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Comment: Re:Are you in the USA? (Score 1) 219

by (#46635987) Attached to: Ask Slashdot: Experiences With Free To Air Satellite TV?

Had the same thing when I was a kid. 10' dish, receiver with analog meters. The whole setup was several grand if I remember right. I remember one week where I could switch between west and east coast feeds of a couple premium channels and watch Holy Grail and Delta Force back to back continuously. I think it was HBO and Cinemax. HBOw, CINw, HBOe, CINe, goto 10.

Crazy thing there was cable on the street behind us. The neighborhood all kicked in and paid to have the line extended. When my family found out, they asked if they could buy in and have cable run along the utility poles that ran thru our property to deliver electricity to their street. Offered to pay each house part of their cost then pay the full cost of running it on our poles. The assholes voted and said "no".

When encryption caught on, the dish was pretty much ignored. After I went to college, the cable company finally wired our street at no cost to us. (Other than the monthly subscription, of course.)

Comment: It's got a chance to drop in this time (Score 4, Interesting) 202

by (#46612321) Attached to: How interested are you in Virtual Reality tech?

I've been watching the hardware since the 90s and I think it's finally got a chance this time. Back in the early days, neither displays nor computers could generate anything beyond proof of concept. The displays and headgear showed that you could strap a display to a person's head and track their movement but the pixel count was laughably low. Which did't really matter because the hardware could barely generate wire frame environments in real time. For the last 5 or 6 years, we've had the hardware to generate pretty decent environments but the display hardware was stagnant. Now we're finally getting decent quality headsets to plug into high performance hardware. We also have game engines that are pretty well tuned to serving up complete 3 dimensional environments with active "camera" tracking. The ingredients are all available. Of course, I'm looking at it from a gamer's POV.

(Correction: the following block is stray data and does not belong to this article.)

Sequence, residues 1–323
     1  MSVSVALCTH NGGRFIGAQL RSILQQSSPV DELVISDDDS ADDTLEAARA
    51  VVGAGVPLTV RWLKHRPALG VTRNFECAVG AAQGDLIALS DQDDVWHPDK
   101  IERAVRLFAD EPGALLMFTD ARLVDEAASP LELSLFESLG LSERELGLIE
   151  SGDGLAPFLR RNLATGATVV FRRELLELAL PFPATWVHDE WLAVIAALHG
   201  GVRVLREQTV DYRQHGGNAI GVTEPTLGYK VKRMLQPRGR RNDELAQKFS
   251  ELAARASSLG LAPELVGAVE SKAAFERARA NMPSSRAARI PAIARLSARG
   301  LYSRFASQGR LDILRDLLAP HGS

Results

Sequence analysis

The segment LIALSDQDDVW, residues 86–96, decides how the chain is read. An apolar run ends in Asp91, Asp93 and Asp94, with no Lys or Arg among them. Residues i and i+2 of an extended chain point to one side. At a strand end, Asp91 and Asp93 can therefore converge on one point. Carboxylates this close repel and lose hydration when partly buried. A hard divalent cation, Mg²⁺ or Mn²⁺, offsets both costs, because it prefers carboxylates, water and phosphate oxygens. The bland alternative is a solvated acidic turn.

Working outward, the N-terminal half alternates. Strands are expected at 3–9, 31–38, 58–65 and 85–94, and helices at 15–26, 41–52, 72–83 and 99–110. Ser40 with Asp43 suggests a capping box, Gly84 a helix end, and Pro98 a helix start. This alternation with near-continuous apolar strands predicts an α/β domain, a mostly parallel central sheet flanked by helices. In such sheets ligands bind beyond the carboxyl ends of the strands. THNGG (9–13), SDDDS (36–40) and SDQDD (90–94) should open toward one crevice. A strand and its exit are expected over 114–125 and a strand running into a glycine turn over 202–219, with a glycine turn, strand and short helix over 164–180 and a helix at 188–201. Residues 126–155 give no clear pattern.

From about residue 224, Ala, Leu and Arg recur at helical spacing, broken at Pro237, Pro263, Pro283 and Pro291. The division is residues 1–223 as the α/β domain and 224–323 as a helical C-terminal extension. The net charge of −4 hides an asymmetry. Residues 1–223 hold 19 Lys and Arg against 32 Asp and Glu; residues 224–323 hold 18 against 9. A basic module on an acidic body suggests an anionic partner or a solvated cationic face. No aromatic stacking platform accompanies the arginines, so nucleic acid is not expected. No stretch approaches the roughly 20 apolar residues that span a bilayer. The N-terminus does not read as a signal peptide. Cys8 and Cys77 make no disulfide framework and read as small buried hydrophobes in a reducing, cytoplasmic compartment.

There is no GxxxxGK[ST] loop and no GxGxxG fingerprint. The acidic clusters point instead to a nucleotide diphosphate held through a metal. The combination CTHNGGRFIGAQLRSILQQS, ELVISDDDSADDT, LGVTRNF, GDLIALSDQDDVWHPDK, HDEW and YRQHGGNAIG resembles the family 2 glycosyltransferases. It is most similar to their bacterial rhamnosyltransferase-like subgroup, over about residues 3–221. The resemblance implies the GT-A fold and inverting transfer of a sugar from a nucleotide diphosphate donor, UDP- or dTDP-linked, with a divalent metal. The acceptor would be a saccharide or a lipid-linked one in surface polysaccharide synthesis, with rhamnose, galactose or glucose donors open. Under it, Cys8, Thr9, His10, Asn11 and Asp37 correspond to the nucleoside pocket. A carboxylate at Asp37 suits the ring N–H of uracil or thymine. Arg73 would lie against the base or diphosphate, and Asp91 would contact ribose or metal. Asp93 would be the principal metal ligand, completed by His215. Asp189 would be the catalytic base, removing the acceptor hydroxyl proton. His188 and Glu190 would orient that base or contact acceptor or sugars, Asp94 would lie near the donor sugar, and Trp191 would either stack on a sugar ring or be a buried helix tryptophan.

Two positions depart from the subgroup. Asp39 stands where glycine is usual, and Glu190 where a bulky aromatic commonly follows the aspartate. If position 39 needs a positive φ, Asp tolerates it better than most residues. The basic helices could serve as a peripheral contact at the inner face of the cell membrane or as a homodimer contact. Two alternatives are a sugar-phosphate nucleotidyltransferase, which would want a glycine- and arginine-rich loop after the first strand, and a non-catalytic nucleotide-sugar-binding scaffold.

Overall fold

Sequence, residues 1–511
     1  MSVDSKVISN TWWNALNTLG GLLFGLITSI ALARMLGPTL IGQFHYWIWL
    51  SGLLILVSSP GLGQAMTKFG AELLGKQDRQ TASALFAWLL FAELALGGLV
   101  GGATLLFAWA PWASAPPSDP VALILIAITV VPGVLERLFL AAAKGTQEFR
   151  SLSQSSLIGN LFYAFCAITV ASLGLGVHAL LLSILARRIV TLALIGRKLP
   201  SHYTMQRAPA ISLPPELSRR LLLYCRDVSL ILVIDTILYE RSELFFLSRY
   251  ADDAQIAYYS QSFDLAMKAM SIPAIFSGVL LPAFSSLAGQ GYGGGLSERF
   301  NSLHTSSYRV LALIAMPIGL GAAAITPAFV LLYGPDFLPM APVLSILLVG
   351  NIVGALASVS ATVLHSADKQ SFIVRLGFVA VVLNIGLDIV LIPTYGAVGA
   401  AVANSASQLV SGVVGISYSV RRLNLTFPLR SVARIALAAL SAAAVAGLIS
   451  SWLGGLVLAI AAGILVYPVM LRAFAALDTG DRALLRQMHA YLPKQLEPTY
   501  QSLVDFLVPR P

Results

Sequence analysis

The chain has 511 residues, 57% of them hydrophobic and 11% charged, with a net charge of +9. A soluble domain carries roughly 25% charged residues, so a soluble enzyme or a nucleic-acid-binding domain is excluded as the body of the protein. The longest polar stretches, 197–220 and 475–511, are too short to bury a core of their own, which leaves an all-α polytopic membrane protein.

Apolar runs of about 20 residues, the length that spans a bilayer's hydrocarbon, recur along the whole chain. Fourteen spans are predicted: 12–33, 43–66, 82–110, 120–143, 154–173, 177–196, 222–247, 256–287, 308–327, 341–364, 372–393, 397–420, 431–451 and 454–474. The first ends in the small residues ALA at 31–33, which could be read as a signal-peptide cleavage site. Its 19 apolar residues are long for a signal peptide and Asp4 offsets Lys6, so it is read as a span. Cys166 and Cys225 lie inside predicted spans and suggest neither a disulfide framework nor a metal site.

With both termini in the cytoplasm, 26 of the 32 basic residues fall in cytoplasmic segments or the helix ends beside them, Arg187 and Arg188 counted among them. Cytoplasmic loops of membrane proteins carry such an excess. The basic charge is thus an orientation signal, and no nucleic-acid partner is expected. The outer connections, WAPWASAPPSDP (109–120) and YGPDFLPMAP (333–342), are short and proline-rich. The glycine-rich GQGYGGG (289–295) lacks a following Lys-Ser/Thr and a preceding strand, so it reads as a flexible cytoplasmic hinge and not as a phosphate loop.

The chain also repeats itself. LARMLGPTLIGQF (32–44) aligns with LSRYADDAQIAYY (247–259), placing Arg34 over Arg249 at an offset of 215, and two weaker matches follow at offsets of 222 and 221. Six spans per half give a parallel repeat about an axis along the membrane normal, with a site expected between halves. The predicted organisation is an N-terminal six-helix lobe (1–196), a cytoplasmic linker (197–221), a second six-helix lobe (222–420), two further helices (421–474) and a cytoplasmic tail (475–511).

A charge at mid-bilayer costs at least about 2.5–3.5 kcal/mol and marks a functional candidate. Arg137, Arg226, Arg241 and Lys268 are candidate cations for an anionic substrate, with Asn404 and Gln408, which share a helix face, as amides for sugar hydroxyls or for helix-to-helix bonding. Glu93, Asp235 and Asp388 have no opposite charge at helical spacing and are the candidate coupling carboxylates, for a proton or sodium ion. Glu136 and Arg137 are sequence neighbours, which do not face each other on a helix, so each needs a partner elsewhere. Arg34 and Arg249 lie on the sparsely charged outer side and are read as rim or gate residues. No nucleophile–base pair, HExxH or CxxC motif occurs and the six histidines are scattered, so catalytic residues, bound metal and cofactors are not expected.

I almost bought one of Sony's sets a while back but it was just a bit too pixelated. Now I've got the DK2 on order and I'm really hoping Facepage doesn't screw things up. I liked Oculus when they were a hungry company that had to listen to their customers to get money to continue to exist.

Comment: Re:I think this is dangerous (Score 1) 100

by (#46527557) Attached to: Oculus Rift Developer Kit 2 Ready For Pre-Order Today

And I couldn't play Wolfenstein 3D because it made me queasy. I was part of a small segment of the population who was incompatible with the game. That doesn't mean the game was defective. It means my optical sensing system is defective. I don't have that problem with current games running at 60Hz on LCD vs 70Hz on CRT. (Pretty sure 320x200x8bit was 70Hz in the VGA specs.) Hoping I won't have that problem with this new headset.

I just preordered a DK2. I've been waiting for a decent, affordable VR display since the early 90s when I played with some of the most cutting edge stuff available at the time. Holy crap, it was bad, bulky, and expensive. :) The goggles were massive and weighed several pounds. For head tracking you had to sit in just the right spot under a big frame holding sensors. The environment was barely beyond wire frame because that's all that portable equipment could render at the time.

Comment: $100,000? (Score 4, Insightful) 461

It shouldn't cost that much. Many planes already have data service (run thru satellites) that they sell to passengers. Shouldn't be that hard to tap into the available instrument data and send out a blurp every 10-15 seconds. Doesn't even need fancy 2-way handshaking. Just send the encrypted packets and grab them as they arrive at the NOC. Not a big deal if the occasional blurp gets missed. But, if they never get another blurp from a plane, at least they got the data right up to the point of disaster.

The "cutting edge" is getting rather dull. -- Andy Purshottam